Baker Academic

Thursday, August 8, 2013

"Reimarus is unthinkable without Augustine": Watson and the Origins of Historical Jesus Research

I'm currently reading through Francis Watson's new blockbuster Gospel Writing (Eerdmans 2013).  He starts out the book with a discussion of how the affirmation of the fourfold canon (Matthew, Mark, Luke, and John) presented problems for Augustine and others who were trying to affirm the historical value of the books in light of disagreements among the authors.  The interesting point thus far is that it is actually the theological convictions of early Christians that create the problems that their theological convictions then lead them to try to solve.  In short, although affirmation of the fourfold canon was a theological conclusion of sorts, it was also an impetus for a line questioning that continues to today.  He offers these interesting points in reference to Augustine's attempt at harmonizing the gospels in De consensu:

"But it is Augustine himself who endangers the canonical structure by exposing it to this kind of empirical thinking. . . .  Reimarus is unthinkable without Augustine.  Augustine not only makes it possible for Reimarus to argue that his ten contradictions within the gospel Easter narratives are destructive of Christian faith; he also makes it easy for him to do so" (43 - 44).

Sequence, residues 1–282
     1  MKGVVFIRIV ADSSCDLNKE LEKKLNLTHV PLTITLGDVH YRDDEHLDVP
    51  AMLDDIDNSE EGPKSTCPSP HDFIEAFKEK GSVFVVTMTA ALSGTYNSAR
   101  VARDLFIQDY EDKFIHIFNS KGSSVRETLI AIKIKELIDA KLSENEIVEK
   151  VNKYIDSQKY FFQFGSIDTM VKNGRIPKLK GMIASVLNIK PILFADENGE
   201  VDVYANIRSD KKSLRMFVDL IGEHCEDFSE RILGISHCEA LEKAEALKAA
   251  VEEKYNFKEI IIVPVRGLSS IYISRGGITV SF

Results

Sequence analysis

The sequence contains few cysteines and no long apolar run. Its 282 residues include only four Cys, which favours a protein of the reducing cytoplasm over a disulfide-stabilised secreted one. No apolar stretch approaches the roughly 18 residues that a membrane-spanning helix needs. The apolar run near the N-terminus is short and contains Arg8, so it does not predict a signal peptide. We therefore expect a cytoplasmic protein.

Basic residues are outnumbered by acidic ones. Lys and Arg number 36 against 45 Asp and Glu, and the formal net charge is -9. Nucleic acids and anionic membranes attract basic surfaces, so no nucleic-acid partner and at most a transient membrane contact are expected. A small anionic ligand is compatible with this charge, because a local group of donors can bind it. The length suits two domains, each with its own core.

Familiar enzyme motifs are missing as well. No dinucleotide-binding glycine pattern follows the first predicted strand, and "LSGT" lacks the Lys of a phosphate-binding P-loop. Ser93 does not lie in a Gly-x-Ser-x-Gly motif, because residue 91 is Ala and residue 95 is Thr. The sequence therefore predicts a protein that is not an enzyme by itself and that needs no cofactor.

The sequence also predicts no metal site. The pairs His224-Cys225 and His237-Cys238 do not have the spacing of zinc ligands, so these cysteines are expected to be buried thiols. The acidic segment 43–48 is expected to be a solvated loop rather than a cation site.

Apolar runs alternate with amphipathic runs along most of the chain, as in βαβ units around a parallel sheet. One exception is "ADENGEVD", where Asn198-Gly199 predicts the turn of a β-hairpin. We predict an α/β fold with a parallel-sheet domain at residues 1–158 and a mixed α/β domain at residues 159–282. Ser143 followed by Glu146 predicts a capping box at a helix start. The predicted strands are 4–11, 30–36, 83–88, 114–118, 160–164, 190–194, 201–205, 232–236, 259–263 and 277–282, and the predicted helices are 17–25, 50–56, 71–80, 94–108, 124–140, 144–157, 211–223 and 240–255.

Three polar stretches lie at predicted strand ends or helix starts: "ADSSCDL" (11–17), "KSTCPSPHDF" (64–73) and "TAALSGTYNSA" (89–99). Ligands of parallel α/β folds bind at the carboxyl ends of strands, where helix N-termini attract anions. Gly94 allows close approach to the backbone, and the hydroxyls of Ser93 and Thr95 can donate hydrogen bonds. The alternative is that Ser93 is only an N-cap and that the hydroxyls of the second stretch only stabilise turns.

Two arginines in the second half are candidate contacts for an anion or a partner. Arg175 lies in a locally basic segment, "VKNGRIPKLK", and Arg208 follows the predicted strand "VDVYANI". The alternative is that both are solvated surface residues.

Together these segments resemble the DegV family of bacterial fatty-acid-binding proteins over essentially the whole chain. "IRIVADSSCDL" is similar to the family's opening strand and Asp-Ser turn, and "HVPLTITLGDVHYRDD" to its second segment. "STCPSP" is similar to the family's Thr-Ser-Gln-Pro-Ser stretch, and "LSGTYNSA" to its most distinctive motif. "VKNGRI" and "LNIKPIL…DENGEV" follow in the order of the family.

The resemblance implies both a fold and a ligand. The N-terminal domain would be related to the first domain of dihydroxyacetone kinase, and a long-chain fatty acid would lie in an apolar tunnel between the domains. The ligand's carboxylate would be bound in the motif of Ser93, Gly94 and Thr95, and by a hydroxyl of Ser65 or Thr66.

In conversation with Dr. Le Donne, I've often stated that I think historical Jesus research really starts with precisely this work by Augustine, so I'm happy to see Watson arguing something that is at least sympathetic with that notion.  I'm reading this book as I prepare for a panel review of it at the British New Testament Conference later this month.  I have lots more reading to do and I'll be anxious to hear Watson himself say more on this topic.


  1. Plan on publishing your panel remarks?


    1. I seriously doubt it. They'll be pretty short. If they lend themselves to it, though, maybe I could post them here.